“The young people that we send to defend our country get transformed into monstrous people,” Anderson said. “They are used as cannon fodder and are then disregarded.”

Mayor Bates said the city took a positive step to openly discuss the incredible number of issues involved with Manning yet couldn’t proclaim him a hero without first knowing his motives and the facts behind the case. Even still, Bates countered critics who said taking on national issues such as this one somehow impeded the city’s ability to tackle local issues, citing the city’s extensive budget work and AAA bond rating as proof.

“This is not stalling us from doing the work we do,” Bates said.

Manning, 22, is accused of leaking a number of top secret and confidential material to WikiLeaks and faces 52 years in federal prison for illegally sharing classified information. Initially, he was accused of providing WikiLeaks with video from a 2007 incident where a U.S. Apache helicopter gunned down 11 Iraqi civilians and two Reuters journalists after soldiers mistook camera equipment for weapons.

Since then, whenever WikiLeaks released classified information to its website or media allies, U.S. officials suspected that Manning was behind the leak. Wikileaks has released tens of thousands of pages of documents about military activities in Afghanistan and Iraq, and 250,000 diplomatic cables which generally humiliated the U.S. State Department.

Bradley Manning – Wikileaks

The Berkeley City Council last night voted to table a controversial resolution to honor alleged military whistleblower Pfc. Bradley Manning and call for his release from military prison.

Virtually all councilmembers and Mayor Tom Bates voted to table the resolution, while Councilmember Max Anderson abstained. By tabling the motion, any councilmember could bring the issue back for consideration at a future date.

“We’ve gotten to the point in this country,” Anderson said in support of Pfc. Manning, “where heroes are designed by job category and not action.”

The move to ultimately table the resolution stemmed from what a number of councilmembers saw as a lack of certainty as to whether Pfc. Manning was, in fact, the WikiLeaks whistleblower and if he was, what his motives were if any. But comments from the public and council expressed the complexity of the issue at hand, where values of transparency, open government, and the need for state secrecy collide in violate soup.

Berkeley has been thrust into the international spotlight since its Peace and Justice Commission passed a resolution on Nov. 1 that generally scoffed the position U.S. officials have taken on the Pfc. Manning question, while a broader, and certainly contentious, conflict over WikiLeaks and founder Julian Assange rages worldwide.

The resolution asked that the council formally urge the U.S. government to release Pfc. Manning and drop all charges against him; and if it is discovered that Pfc. Manning did, in fact, leak the 2007 video, among other leaks, the council should declare him a hero and thank him for his courage.

The vast majority of the 20-or-so people who commented on the issue supported the resolution. A number of residents held orange and pink signs in support of Pfc. Manning. One sign read “Bradley Manning is a Hero,” another “Free Bradley Manning. Support WikiLeaks.”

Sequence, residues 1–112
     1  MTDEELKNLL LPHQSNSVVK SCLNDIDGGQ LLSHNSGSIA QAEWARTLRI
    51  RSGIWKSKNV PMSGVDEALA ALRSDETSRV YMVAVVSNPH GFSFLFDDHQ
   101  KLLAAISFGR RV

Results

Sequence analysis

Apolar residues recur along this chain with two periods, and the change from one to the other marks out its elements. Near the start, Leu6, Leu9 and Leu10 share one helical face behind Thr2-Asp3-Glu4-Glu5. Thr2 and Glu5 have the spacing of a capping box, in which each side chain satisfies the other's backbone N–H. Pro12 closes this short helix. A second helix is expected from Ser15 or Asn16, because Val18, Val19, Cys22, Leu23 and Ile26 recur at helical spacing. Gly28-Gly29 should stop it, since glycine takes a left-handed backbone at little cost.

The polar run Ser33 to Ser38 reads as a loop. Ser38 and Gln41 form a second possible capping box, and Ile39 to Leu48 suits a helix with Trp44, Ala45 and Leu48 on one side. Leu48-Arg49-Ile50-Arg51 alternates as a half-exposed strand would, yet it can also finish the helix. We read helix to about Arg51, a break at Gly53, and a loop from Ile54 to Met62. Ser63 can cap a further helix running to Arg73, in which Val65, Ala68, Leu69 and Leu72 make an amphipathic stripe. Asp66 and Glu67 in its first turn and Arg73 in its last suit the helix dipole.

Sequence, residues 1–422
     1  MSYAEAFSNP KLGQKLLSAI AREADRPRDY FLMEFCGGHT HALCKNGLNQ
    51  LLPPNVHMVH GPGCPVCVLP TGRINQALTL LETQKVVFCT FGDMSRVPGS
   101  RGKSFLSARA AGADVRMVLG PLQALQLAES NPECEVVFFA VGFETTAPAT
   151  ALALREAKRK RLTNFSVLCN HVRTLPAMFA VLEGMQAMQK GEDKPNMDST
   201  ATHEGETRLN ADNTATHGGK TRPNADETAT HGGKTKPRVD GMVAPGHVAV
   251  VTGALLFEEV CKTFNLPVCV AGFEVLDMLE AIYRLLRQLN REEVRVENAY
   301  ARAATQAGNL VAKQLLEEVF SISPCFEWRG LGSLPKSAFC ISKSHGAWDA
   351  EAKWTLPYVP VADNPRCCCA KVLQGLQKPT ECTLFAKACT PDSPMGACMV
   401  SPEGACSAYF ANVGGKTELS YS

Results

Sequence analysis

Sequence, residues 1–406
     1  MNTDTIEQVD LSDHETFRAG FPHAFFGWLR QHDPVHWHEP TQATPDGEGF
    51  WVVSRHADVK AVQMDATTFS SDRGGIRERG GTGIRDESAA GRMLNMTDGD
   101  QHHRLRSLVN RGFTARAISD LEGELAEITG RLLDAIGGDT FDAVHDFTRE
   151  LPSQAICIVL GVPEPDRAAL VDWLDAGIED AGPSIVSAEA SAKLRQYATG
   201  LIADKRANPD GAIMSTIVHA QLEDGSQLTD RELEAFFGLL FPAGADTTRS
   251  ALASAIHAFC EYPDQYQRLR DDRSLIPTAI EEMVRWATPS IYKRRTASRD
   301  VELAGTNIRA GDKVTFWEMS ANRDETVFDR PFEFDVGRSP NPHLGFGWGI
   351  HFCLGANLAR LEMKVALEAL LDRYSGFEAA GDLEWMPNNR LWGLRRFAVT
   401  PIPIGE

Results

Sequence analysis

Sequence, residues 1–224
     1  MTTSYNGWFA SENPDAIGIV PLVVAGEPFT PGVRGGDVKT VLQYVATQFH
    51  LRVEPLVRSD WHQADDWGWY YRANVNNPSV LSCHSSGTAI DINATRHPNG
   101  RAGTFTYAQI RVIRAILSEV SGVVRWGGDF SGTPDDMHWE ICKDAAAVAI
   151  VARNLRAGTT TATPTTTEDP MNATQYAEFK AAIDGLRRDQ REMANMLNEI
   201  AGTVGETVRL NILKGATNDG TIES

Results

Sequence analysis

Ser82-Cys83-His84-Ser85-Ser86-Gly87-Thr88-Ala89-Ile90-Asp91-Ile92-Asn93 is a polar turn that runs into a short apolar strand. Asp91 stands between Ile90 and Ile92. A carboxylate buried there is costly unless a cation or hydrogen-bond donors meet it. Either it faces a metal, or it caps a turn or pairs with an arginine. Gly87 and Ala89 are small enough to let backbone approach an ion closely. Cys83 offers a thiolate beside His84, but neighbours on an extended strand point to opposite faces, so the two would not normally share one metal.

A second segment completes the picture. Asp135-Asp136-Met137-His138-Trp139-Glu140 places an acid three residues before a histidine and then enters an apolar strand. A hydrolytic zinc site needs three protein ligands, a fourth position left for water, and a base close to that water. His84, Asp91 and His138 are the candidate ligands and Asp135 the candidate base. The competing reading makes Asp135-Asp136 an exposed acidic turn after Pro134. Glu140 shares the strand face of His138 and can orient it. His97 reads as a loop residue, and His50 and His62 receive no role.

One resident, Jean Bernardy, said that what Pfc. Manning did is a service to the country by shining light on the truth behind the wars and should be freed.

“Blowing the whistle on war crimes is not a crime,” she said.

@@@@@Peace and Justice Author

Berkeley resident David Salisbury said the council should vote no on the “foolish resolution” and commented that diplomacy, which people in Berkeley value, demands a certain level of discretion.

“Without privacy,” he said, “how are we going to have diplomacy.”

Jim Bullock, speaking for the Batesman Neighborhood Association, lambasted the council for wasting time, money, and staff resources on “feel-good issues”, while local issues, such as homelessness, crime, and floundering business needs to be addressed.

“It’s frustrating that the council spends way too much time on issues in which you have no jurisdiction,” he said.

Councilmembers XX and YY commented that their constituents overwhelmingly opposed the resolution.

Pfc. Manning is accused of leaking a number of top secret and confidential material to Internet-based WikiLeaks and faces 52 years in Federal prison if convicted of XXX (exact crime). Media outlets have reported rumors that a secret panel is currently working on indictments for Assanage, who is currently being held in England for alleged sex crimes in Sweden, regarding what could be violations of U.S. law.

Initially, he was accused of providing the website with video from a 2007 incident where a U.S. apache helicopter gunned down 11 Iraqi civilians and two Reuters journalists after soldiers mistook camera equipment for weapons. He was arrested after a friend turned him in to authorities after Manning allegedly confided that he leaked the material.

Since then, whenever WikiLeaks released classified information to its website or media allies, U.S. officials suspected that Manning was behind the leak, including tens-of-thousands of pages worth of documents about military activities in Afghanistan and Iraq, and more recently 250,000 diplomatic cables which generally humiliated the U.S. State Department.